clock menu more-arrow no yes

Filed under:

Pedro Baez 2018 salary arbitration preview

New, comments
MLB: Los Angeles Dodgers at Philadelphia Phillies Bill Streicher-USA TODAY Sports

Our final Dodgers salary arbitration preview for 2018 is Pedro Baez, who is eligible for arbitration for the first time.

Baez enters the process after arguably his worst season, with strikeouts down and walks up. But despite a career-worst FIP (4.44), his ERA was still good (2.95) and he posted his best ERA+ (142).

Many of the comparable players we saw for Tony Cingrani and Josh Fields will be seen here for Baez, but at a year earlier. Baez has three years, 59 days of service time, one season behind those other two Dodgers teammates.

Here are the career numbers for several similar non-closer relievers to Baez from the last two offseasons, 24 in all.

Baez comparable pitchers (career)

Players Years Service IP Sv K ERA+ FIP rWAR fWAR Salary
Players Years Service IP Sv K ERA+ FIP rWAR fWAR Salary
Pedro Baez 2014-17 3.059 213 0 225 130 3.69 2.2 1.8 TBD
George Kontos* 2011-16 3.171 264 0 264 129 3.66 2.9 0.6 $1,750,000
Kevin Siegrist 2013-16 3.116 206⅓ 9 243 144 3.49 4.4 2.0 $1,637,500
Justin Wilson 2012-15 3.035 199⅓ 0 193 124 3.22 2.8 2.3 $1,525,000
Luis Avilan 2012-16 3.146 217⅓ 0 173 128 3.34 3.5 1.6 $1,500,000
Rex Brothers 2011-15 3.117 242⅓ 20 278 132 3.68 5.0 2.0 $1,420,000
Dan Jennings* 2012-16 3.171 217 1 176 144 3.49 3.6 1.7 $1,400,000
J.J. Hoover 2012-15 3.102 223⅔ 5 225 116 4.14 2.5 0.7 $1,400,000
Luis Avilan 2012-15 3.077 197⅔ 0 145 128 3.46 3.2 1.1 $1,390,000
Brad Hand 2011-16 3.092 378 2 301 90 4.19 2.2 1.4 $1,375,000
Bryan Morris 2012-15 3.011 197⅓ 0 140 133 4.17 2.6 -1.1 $1,350,000
Nick Vincent* 2012-16 3.142 211 4 226 125 2.99 3.0 3.1 $1,325,000
Xavier Cedeño 2011-16 3.060 139⅓ 2 140 106 3.39 1.4 1.6 $1,300,000
Zach McAllister 2011-15 3.077 432⅓ 1 383 95 3.81 0.8 5.7 $1,300,000
Jake Diekman 2012-15 3.049 195 0 245 107 3.04 -0.4 2.5 $1,255,000
Chris Hatcher* 2011-16 3.146 169⅓ 4 173 82 3.92 -1.0 0.5 $1,250,000
Brad Brach 2011-15 3.063 246⅓ 1 260 118 3.96 2.5 0.7 $1,250,000
Alex Wilson 2013-16 3.038 199 2 128 147 3.55 3.8 1.9 $1,175,000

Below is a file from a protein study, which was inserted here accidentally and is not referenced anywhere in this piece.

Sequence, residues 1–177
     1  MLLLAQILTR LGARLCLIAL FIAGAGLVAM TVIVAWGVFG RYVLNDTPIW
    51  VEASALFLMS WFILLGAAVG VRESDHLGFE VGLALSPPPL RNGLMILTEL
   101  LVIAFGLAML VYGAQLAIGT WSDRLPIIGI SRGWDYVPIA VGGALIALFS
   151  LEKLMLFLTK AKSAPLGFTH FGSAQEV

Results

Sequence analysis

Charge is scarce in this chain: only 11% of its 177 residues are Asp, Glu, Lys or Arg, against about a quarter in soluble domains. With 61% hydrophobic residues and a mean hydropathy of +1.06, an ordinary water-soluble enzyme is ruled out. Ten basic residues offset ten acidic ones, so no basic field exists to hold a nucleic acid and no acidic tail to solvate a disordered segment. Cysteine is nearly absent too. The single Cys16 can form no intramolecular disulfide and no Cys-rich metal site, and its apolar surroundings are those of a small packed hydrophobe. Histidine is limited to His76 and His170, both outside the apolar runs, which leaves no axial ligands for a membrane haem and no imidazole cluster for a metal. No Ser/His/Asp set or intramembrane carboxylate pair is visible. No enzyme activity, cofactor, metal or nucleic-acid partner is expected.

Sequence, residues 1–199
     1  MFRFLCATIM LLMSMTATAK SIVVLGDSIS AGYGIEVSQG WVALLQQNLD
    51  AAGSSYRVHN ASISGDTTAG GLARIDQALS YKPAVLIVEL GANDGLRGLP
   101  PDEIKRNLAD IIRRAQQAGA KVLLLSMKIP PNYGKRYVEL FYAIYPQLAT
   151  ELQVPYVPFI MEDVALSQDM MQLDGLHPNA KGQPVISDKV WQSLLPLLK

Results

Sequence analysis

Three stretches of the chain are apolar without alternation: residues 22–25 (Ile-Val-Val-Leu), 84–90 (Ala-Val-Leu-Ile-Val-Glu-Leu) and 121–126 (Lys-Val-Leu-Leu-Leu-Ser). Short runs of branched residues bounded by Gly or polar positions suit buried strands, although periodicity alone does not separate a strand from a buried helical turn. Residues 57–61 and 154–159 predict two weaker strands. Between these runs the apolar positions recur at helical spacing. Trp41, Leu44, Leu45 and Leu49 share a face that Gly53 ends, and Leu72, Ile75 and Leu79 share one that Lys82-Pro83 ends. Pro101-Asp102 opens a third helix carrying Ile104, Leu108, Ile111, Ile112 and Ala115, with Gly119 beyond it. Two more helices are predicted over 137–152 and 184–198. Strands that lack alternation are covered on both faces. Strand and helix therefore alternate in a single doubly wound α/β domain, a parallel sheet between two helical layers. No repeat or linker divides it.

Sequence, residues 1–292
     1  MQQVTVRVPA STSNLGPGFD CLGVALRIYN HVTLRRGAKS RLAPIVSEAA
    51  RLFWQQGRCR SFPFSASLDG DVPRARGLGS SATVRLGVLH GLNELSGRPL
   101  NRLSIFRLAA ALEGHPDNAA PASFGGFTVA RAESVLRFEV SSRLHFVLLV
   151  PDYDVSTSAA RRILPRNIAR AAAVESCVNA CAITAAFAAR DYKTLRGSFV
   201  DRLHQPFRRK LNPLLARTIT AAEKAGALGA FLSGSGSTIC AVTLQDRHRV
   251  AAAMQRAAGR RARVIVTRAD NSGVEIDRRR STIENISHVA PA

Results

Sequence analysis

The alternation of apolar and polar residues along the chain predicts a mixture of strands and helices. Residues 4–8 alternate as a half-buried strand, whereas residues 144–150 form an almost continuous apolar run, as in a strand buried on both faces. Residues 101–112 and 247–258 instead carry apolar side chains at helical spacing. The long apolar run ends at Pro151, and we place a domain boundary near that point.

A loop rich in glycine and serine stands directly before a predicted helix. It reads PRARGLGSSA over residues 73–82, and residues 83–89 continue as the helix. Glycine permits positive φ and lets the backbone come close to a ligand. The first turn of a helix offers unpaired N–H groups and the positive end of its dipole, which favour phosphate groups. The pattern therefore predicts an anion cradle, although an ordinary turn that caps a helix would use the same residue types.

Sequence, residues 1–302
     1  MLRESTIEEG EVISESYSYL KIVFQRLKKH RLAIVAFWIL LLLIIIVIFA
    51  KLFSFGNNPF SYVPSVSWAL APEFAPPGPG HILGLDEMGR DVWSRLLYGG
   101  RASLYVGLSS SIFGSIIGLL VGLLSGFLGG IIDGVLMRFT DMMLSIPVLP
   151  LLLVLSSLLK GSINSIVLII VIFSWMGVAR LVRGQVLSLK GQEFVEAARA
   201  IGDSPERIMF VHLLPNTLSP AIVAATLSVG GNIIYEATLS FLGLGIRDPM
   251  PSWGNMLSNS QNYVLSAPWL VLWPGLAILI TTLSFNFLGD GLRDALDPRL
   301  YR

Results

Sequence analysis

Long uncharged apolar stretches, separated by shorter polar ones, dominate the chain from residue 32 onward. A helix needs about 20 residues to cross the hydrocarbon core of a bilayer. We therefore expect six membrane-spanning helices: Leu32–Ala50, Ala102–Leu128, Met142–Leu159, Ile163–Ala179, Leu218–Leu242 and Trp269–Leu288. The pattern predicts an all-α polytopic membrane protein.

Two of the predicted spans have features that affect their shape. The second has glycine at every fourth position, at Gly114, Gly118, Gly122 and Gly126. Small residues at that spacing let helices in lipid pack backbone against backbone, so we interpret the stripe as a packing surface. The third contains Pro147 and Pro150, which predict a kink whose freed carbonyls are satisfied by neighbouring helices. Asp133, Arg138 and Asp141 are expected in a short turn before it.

Zach Putnam* 2011-16 3.135 143⅓ 6 153 118 3.49 2.4 1.3 $1,175,000
Liam Hendriks 2011-16 3.038 318 0 272 84 4.01 -0.9 2.9 $1,100,000
Dan Otero 2012-16 3.124 255⅓ 2 165 137 3.02 4.6 2.9 $1,055,000
Cory Gearrin 2011-16 3.136 121⅓ 4 118 92 3.31 -0.2 1.0 $1,050,000
Josh Fields 2013-16 3.092 178⅓ 9 219 91 2.99 0.2 2.9 $1,050,000
Aaron Loup 2012-15 3.083 211 6 176 130 3.36 3.2 2.1 $1,050,000
Carlos Torres 2009-15 3.114 336 2 296 91 4.11 1.3 1.0 $1,050,000
*Super Two Thanks as always to MLB Trade Rumors, Cot’s Baseball Contracts & Baseball-Reference

Old friend Luis Avilan shows up twice on this list, with just over three years of service time after the 2015 season and then again with not quite four years of service time after the 2016 season.

On career statistics the two that look most similar to Baez in both bulk numbers and rate stats are J.J. Hoover ($1.4 million in 2016) and Nick Vincent ($1.325 million in 2017), with the small caveat that Vincent was a Super Two the year before which slightly inflated his arb number the next season.

Here are the single-season stats for this same group of relievers:

Baez comparable pitchers (single year)

Players Year Service IP Sv K ERA+ FIP rWAR fWAR Salary
Players Year Service IP Sv K ERA+ FIP rWAR fWAR Salary
Pedro Baez 2017 3.059 64 0 64 142 4.44 0.6 0.2 TBD
George Kontos* 2016 3.171 53⅓ 0 35 159 3.80 0.9 0.2 $1,750,000
Kevin Siegrist 2016 3.116 61⅔ 3 66 147 4.43 1.7 0.1 $1,637,500
Justin Wilson 2015 3.035 61 0 66 132 2.69 1.4 1.5 $1,525,000
Luis Avilan 2016 3.146 19⅔ 0 28 127 2.13 0.3 0.5 $1,500,000
Rex Brothers 2015 3.117 10⅓ 0 5 273 4.49 0.5 0.0 $1,420,000
Dan Jennings* 2016 3.171 60⅔ 1 46 196 3.38 1.5 0.9 $1,400,000
J.J. Hoover 2015 3.102 64⅓ 1 52 135 4.47 1.0 -0.1 $1,400,000
Luis Avilan 2015 3.077 53⅓ 0 49 95 3.66 0.3 0.2 $1,390,000
Brad Hand 2016 3.092 89⅓ 1 111 136 3.07 1.8 1.5 $1,375,000
Bryan Morris 2015 3.011 63 0 47 121 3.64 0.4 0.3 $1,350,000
Nick Vincent* 2016 3.142 60⅓ 3 65 109 4.16 0.6 0.3 $1,325,000
Xavier Cedeño 2016 3.060 41⅓ 0 43 109 2.64 0.6 0.9 $1,300,000
Zach McAllister 2015 3.077 69 1 84 144 3.15 1.0 0.9 $1,300,000
Jake Diekman 2015 3.049 58⅓ 0 69 100 3.63 0.6 0.4 $1,255,000
Chris Hatcher* 2016 3.146 40⅔ 0 43 73 5.21 -0.7 -0.3 $1,250,000
Brad Brach 2015 3.063 62⅓ 0 54 125 3.90 2.0 0.9 $1,250,000
Alex Wilson 2016 3.038 73 0 49 144 3.60 1.8 0.9 $1,175,000
Zach Putnam* 2016 3.135 27⅓ 0 30 114 3.11 0.7 0.4 $1,175,000
Liam Hendriks 2016 3.038 64⅔ 0 71 109 2.85 0.6 1.3 $1,100,000
Dan Otero 2016 3.124 70⅔ 1 57 296 2.33 2.7 1.6 $1,055,000
Cory Gearrin 2016 3.136 48⅓ 3 45 94 3.29 -0.1 0.6 $1,050,000
Josh Fields 2016 3.092 35 0 42 88 3.26 -0.3 0.5 $1,050,000
Aaron Loup 2015 3.083 42⅓ 0 46 92 3.72 -0.2 0.2 $1,050,000
Carlos Torres 2015 3.114 57⅔ 0 48 92 3.53 -0.5 0.4 $1,050,000
*Super Two Thanks as always to MLB Trade Rumors, Cot’s Baseball Contracts & Baseball-Reference

Hoover and Vincent look similar again, with maybe a dash of Brad Brach ($1.25 million in 2016) added to the mix as well, all with similarly strong superficial numbers but weaker peripherals.

Former Dodgers minor leaguer Bryan Morris has similar numbers as well, with Baez getting the edge in career bulk numbers, boding well for Baez potentially beating the $1.35 million that Morris received in 2016.

The guess

MLB Trade Rumors projected a $1.5 million salary for Baez in 2018. The average for Hoover, Vincent and Brach above is $1.325 million. Given that Baez’s numbers look a little better than Morris, I’ll say Baez gets a little closer to that and put him at $1.4 million.

The date for players and teams to exchange salary figures is Friday.